Hypocrisy (Scourge), The Fallacy of the

The fallacy that, if what I do falls below the standards of what I say, my argument can be dismissed without further ado. This fallacy arises from the obvious discomforts of a contrast between good words and bad deeds, like those of Measure for Measure’s Angelo: upright in public, outrageous in private.

And yet, if an argument is a good one, dissonant deeds do nothing to contradict it. In fact, the hypocrite may have something to be said for him. For instance, he may not be making any claims at all about how he lives, but only about his values in the context of the argument. There is no reason why he should not argue for standards better than he manages to achieve in his own life; in fact, it would be worrying if his ideals were not better than the way he lives. He is not dazzled by his high personal standards; he does not make an icon of himself as the model of good moral conscience. He is not defended by his sincerity from the possibility of self-criticism. His ideals are not limited to what he can achieve himself.

What matters is whether his argument is right or not. With accusations of hypocrisy in the air, difficult questions about real problems short-circuit into ad hominem quarrel.

Hypocrisy is a bad thing with good qualities. Sincerity is a good thing with bad qualities; it shines a light on the simple certainties of your feelings on the matter, rather than on the awkward realities of the case. Some of the most intensely savage people this planet has ever produced were noted for their sincerity and their incorruptible and austere lives. There was Maximilien Robespierre (1758–1794), largely responsible for the reign of terror during the French Revolution, but, in his own life, the “Sea-Green Incorruptible”.H58 And there was Conrad of Marburg (d. 1233), thin with fasting, who, in imitation of Jesus, rode on a donkey from place to place on his mission to discover and burn heretics and witches. For groundbreaking catastrophes, we have to turn to the incorruptible. We are safer with those who are not preoccupied with admiration of their own moral standing, confident that they can think no wrong.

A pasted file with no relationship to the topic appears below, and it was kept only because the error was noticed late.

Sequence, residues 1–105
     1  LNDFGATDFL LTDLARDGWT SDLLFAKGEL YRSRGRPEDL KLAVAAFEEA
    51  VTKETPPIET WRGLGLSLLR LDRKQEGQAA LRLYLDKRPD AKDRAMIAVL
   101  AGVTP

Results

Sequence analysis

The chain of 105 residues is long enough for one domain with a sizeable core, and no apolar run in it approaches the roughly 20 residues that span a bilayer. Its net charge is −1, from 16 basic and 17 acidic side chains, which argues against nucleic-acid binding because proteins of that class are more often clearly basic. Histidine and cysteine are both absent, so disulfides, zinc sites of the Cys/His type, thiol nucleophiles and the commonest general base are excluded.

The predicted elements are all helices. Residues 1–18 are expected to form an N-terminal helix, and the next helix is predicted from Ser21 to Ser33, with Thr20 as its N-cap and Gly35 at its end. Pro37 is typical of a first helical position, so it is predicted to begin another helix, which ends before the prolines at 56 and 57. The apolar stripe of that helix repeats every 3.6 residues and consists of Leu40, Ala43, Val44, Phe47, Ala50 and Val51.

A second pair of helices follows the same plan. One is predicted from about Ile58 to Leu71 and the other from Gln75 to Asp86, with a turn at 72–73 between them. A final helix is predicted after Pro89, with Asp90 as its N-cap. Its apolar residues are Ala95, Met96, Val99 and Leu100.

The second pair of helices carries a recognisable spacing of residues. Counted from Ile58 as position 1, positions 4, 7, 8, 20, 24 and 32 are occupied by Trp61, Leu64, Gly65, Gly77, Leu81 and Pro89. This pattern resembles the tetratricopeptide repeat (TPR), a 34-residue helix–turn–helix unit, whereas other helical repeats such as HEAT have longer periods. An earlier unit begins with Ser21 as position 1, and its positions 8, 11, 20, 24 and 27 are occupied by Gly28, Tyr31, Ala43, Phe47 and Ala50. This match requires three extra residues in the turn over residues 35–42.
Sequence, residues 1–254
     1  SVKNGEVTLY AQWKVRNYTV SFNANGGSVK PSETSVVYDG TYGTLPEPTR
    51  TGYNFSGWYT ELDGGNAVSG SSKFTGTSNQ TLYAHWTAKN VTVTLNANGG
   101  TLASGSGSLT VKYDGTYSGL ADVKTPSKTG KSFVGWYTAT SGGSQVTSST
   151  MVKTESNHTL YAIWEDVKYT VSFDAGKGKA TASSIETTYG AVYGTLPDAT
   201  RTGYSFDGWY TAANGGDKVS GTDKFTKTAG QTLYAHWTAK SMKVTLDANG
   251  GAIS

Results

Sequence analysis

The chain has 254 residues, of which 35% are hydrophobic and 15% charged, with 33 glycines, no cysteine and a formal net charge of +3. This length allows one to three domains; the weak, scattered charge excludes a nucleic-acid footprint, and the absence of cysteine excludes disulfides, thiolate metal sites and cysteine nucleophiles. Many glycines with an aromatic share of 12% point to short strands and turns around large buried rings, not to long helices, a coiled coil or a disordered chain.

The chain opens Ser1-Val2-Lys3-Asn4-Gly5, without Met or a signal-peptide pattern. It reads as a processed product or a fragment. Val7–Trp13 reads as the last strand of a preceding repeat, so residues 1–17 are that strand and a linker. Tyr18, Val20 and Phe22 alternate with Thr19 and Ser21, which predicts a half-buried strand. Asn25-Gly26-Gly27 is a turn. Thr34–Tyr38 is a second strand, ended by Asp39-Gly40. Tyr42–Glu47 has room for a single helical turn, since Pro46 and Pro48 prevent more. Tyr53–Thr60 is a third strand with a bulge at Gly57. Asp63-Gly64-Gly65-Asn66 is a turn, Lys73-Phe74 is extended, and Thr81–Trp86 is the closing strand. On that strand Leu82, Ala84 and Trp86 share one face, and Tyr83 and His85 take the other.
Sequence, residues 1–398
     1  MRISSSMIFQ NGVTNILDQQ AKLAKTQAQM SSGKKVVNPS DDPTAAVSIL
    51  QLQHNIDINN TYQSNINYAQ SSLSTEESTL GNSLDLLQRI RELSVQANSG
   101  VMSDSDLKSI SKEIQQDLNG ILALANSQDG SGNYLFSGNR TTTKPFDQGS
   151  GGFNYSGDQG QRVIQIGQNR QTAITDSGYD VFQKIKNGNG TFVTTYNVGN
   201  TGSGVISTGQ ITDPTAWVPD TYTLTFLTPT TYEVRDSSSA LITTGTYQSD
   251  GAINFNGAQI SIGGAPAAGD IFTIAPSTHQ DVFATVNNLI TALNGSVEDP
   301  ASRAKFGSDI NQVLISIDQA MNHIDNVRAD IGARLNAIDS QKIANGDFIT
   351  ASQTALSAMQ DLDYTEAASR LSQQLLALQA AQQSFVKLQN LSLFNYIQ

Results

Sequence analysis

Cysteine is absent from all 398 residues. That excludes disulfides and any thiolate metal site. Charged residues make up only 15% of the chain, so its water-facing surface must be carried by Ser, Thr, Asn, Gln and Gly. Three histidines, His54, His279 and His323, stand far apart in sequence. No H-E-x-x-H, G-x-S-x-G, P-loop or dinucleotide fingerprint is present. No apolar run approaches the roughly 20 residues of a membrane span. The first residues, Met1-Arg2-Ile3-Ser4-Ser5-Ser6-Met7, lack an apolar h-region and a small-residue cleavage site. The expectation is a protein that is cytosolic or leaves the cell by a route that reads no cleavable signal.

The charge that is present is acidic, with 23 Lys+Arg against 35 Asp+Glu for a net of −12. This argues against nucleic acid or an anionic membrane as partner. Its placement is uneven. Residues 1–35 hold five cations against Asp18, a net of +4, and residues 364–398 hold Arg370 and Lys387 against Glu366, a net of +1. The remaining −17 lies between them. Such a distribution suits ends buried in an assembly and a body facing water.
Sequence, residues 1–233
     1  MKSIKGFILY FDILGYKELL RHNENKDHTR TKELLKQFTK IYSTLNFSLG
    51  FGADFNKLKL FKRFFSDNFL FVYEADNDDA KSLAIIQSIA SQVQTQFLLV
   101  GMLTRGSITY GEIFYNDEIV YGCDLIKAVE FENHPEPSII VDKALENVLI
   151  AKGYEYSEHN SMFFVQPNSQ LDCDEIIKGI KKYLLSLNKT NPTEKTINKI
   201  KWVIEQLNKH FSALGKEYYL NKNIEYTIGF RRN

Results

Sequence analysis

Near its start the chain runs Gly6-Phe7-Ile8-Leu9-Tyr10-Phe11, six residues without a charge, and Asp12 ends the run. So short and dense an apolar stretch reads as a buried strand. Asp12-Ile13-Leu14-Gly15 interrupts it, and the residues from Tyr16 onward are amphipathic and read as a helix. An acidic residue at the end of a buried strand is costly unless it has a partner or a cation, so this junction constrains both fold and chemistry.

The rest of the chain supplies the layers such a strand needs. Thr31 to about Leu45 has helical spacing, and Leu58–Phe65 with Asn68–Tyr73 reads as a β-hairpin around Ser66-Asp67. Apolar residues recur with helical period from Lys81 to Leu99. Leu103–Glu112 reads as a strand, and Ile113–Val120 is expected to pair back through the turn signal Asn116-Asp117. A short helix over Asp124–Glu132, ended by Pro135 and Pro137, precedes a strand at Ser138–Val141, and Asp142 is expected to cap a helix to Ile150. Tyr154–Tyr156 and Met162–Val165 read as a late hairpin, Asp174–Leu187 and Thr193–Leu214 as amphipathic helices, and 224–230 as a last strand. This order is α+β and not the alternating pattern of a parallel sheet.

If required to choose between sincerity and hypocrisy (writes the theologian David Martin), “Give me a friendly hypocrite any day”.H59


Related entries:

Ad Hominem, Humour.

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David Fleming
Dr David Fleming (2 January 1940 – 29 November 2010) was a cultural historian and economist, based in London, England. He was among the first to reveal the possibility of peak oil's approach and invented the influential TEQs scheme, designed to address this and climate change. He was also a pioneer of post-growth economics, and a significant figure in the development of the UK Green Party, the Transition Towns movement and the New Economics Foundation, as well as a Chairman of the Soil Association. His wide-ranging independent analysis culminated in two critically acclaimed books, 'Lean Logic' and 'Surviving the Future', published posthumously in 2016. These in turn inspired the 2020 launches of both BAFTA-winning director Peter Armstrong's feature film about Fleming's perspective and legacy - 'The Sequel: What Will Follow Our Troubled Civilisation?' - and Sterling College's unique 'Surviving the Future: Conversations for Our Time' online courses. For more information on all of the above, including Lean Logic, click the little globe below!

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